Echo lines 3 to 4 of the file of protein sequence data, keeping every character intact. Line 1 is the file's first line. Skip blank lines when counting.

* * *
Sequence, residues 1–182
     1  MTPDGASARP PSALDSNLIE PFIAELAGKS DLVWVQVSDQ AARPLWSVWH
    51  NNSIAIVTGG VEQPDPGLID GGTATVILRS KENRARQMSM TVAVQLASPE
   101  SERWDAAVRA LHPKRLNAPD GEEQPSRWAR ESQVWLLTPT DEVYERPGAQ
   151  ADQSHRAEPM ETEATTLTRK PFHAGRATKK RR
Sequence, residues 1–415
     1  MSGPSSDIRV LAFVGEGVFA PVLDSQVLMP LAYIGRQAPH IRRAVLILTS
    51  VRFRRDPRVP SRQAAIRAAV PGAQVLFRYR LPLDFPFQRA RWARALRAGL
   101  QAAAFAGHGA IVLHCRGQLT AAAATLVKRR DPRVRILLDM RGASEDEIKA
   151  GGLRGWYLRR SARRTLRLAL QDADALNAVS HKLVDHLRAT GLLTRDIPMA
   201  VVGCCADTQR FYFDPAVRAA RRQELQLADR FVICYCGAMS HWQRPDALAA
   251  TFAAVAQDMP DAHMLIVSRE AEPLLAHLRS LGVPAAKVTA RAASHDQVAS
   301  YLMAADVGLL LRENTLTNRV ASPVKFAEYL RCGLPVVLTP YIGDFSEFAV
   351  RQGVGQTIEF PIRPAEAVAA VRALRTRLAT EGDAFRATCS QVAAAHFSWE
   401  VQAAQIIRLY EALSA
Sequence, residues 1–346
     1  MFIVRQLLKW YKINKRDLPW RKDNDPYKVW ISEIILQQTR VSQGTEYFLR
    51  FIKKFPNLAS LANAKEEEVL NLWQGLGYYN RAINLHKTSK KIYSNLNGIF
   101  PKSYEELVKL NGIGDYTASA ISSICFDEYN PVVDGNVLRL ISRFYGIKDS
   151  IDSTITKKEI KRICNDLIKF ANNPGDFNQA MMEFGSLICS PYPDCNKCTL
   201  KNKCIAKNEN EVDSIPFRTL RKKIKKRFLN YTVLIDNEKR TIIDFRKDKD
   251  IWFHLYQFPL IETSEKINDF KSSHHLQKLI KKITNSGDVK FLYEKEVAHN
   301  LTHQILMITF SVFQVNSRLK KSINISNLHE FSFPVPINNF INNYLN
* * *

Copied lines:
    51  NNSIAIVTGG VEQPDPGLID GGTATVILRS KENRARQMSM TVAVQLASPE
   101  SERWDAAVRA LHPKRLNAPD GEEQPSRWAR ESQVWLLTPT DEVYERPGAQ